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 Year 12 coursework (Unit F662)

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Mr. Hendrick


Posts : 42
Join date : 2009-09-01

PostSubject: Year 12 coursework (Unit F662)   Tue Sep 15, 2009 1:32 am

Task requirements
Candidates are required to produce a folder of coursework of a maximum of 3000 words with two tasks.

Task 1: Close reading OR re-creative writing with commentary

Candidates can select to do:
Either – a close, critical analysis of a section of their chosen text or poem. Candidates are recommended to select a small section of text, up to three pages of prose or drama or up to 40 lines of poetry.
Candidates are required to include a copy of their chosen passage when they submit their coursework folder.
Or – an item of re-creative writing based on a selected passage of their chosen text or of their chosen poem, with a commentary explaining the links between the candidate’s own writing and the original passage selected.
Candidates are required to include a copy of their chosen passage or poem when they submit their coursework folder.
This task must be based on one literary text.

Task 2: An essay on linked texts
Candidates submit an essay considering two texts exploring contrasts and comparisons between them, informed by interpretations of other readers. The term ‘other readers’ is defined as:

reference to recognised critics;

different theatrical interpretations of drama where candidates discuss different directors’ presentations or different actors’ portrayals;

exploring a text in relation to, for example, Aristotelian or other concepts of tragedy;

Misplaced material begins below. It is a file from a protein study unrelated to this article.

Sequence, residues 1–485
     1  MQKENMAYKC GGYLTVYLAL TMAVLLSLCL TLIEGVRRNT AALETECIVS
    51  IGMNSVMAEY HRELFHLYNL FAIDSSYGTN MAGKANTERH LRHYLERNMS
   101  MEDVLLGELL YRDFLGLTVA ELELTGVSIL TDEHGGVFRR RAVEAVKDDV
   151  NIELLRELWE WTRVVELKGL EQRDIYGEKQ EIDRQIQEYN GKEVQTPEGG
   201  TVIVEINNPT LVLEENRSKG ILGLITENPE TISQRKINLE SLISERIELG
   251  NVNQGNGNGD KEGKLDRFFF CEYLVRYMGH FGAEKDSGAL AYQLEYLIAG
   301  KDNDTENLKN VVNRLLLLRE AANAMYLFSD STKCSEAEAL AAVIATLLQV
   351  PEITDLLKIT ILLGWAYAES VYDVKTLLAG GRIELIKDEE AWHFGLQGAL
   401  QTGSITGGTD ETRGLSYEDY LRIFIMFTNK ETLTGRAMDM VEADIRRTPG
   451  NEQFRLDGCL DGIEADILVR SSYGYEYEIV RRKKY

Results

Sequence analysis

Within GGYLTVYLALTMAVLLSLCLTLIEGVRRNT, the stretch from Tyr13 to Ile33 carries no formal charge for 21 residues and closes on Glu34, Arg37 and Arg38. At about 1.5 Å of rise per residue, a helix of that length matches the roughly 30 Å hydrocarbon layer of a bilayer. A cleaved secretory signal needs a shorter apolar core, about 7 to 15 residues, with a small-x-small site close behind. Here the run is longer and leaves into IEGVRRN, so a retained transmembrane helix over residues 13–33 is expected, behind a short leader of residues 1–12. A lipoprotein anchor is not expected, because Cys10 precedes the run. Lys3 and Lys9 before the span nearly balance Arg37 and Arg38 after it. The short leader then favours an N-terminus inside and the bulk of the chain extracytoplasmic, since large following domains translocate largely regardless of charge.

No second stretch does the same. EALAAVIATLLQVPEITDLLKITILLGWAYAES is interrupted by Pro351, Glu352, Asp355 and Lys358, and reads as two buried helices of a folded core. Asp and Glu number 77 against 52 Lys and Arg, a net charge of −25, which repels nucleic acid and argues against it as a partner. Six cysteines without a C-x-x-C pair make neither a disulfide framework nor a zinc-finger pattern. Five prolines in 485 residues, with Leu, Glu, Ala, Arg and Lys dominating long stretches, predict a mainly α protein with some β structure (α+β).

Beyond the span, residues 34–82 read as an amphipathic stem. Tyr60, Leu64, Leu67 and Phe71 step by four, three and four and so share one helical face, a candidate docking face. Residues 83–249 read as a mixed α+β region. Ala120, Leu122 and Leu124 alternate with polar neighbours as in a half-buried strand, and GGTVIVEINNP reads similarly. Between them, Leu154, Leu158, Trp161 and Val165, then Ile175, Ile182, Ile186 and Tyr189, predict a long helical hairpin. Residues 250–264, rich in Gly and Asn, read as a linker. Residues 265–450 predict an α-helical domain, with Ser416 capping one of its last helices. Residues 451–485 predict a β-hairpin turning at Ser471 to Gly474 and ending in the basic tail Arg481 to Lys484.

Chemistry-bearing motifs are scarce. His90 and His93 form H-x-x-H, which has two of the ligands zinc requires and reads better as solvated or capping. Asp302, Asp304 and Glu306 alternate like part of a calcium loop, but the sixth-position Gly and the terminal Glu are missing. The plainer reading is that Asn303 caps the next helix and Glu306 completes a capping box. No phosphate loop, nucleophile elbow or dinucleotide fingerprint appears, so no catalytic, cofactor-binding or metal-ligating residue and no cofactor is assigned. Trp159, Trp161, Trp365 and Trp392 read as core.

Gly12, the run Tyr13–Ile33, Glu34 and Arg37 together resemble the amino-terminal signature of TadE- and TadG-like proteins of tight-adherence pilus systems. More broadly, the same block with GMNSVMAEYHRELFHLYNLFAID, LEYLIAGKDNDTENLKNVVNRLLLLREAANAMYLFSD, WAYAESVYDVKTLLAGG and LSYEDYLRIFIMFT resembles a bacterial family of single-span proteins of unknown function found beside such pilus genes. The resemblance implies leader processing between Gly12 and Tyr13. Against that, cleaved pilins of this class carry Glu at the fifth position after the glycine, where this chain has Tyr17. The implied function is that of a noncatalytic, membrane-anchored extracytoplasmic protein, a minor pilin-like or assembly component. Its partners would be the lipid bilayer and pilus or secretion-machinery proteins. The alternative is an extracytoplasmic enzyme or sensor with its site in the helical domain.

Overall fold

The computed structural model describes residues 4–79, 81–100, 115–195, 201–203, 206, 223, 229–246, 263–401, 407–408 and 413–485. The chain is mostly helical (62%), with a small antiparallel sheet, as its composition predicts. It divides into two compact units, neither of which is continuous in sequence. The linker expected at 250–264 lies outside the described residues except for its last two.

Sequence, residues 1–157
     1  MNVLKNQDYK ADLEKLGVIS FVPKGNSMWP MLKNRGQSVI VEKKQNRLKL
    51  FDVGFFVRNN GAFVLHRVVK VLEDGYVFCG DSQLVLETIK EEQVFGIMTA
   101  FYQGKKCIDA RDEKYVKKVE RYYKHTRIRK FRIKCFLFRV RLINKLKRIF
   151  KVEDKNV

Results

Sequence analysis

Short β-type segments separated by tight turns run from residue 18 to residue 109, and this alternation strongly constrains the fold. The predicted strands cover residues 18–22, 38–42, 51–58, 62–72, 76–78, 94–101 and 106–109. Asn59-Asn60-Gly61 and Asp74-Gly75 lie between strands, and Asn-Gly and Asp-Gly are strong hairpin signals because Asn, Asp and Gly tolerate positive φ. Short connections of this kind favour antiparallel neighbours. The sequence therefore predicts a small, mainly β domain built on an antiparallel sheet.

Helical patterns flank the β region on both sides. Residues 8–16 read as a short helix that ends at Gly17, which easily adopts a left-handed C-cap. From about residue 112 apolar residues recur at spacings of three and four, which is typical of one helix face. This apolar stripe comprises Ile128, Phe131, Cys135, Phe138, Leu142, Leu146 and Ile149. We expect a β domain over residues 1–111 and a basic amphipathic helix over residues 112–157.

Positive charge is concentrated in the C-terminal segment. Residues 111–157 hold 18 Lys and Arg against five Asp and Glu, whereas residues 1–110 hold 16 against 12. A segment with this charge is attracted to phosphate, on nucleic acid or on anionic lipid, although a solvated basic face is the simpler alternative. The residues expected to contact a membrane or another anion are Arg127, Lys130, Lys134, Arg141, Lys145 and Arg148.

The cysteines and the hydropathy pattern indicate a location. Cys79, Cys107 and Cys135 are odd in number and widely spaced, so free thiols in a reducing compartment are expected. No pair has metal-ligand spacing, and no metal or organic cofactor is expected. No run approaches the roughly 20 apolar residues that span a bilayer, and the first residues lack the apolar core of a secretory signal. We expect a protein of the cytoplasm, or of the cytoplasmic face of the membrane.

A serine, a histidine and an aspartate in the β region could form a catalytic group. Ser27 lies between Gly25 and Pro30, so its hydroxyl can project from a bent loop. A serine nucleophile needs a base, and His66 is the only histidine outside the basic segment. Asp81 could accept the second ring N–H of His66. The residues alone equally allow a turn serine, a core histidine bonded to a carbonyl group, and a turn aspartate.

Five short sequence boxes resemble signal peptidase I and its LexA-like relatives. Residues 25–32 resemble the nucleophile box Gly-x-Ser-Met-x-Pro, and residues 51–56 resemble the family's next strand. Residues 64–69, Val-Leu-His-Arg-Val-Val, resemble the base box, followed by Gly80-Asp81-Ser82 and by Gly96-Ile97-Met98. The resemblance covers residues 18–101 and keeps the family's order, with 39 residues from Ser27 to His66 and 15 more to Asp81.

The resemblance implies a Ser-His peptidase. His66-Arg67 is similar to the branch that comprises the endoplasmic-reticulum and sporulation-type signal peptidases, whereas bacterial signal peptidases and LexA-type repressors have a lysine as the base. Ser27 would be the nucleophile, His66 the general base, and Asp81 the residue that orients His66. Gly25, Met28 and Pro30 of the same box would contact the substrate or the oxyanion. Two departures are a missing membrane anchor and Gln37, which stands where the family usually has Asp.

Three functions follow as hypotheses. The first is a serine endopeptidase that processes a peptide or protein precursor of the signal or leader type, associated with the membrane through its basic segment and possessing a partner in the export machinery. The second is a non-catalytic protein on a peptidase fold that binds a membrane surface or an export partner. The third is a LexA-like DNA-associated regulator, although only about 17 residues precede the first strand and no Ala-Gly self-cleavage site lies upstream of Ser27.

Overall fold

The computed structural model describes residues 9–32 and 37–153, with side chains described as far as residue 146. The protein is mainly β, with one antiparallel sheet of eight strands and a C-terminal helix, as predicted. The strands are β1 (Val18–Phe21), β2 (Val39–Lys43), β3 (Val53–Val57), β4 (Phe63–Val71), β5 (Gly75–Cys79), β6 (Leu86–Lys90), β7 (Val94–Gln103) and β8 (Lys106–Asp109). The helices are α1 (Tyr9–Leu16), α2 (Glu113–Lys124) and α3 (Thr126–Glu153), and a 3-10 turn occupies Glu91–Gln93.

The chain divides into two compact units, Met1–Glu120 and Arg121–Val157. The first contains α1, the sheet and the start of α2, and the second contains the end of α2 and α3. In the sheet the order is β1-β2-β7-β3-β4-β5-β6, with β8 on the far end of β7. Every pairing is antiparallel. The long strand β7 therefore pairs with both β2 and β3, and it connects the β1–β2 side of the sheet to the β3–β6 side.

developing a theoretical approach to the study of their texts (feminism or Marxism, for example);

different interpretations of texts produced through rewriting or television/ film adaptations.

Candidates are required to cover three post-1900 texts of their choice: at least one text must be work first published or performed after 1990.
Candidates are required to cover three post-1900 texts. Of these three:

at least two must be literary texts;

one literary text must have been first published or performed after 1990;

one literary text may be a [significant/influential] text in translation;

one text may be a work of literary criticism or cultural commentary.
Literary texts may be chosen from within the same genre or across genres.

Note: The texts chosen must not appear on any of the set text lists for the externally-assessed units at AS and A Level.

Coursework cover sheet

Marking Guidelines

Coursework Guidelines

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Mr. Hendrick


Posts : 42
Join date : 2009-09-01

PostSubject: Assessment objectives   Tue Sep 15, 2009 6:30 am

These are your assessment objectives against which you will be graded.

AO1 Communication and Presentation

Articulate creative, informed and relevant responses to literary texts, using appropriate terminology and concepts, and coherent, accurate written expression.

AO2 Analysis and Understanding

Demonstrate detailed critical understanding in analysing the ways in which structure, form and language shape meanings in literary texts.

AO3 Knowledge, Understanding and Evaluation

Explore connections and comparisons between different literary texts, informed by interpretations of other readers.

AO4 Knowledge and Understanding

Demonstrate understanding of the significance and influence of the contexts in which literary texts are written and received.
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Mr. Hendrick


Posts : 42
Join date : 2009-09-01

PostSubject: 1984 Revision   Mon Nov 09, 2009 4:25 pm

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Mr. Hendrick


Posts : 42
Join date : 2009-09-01

PostSubject: Re: Year 12 coursework (Unit F662)   Wed Dec 16, 2009 4:31 am

Brave New World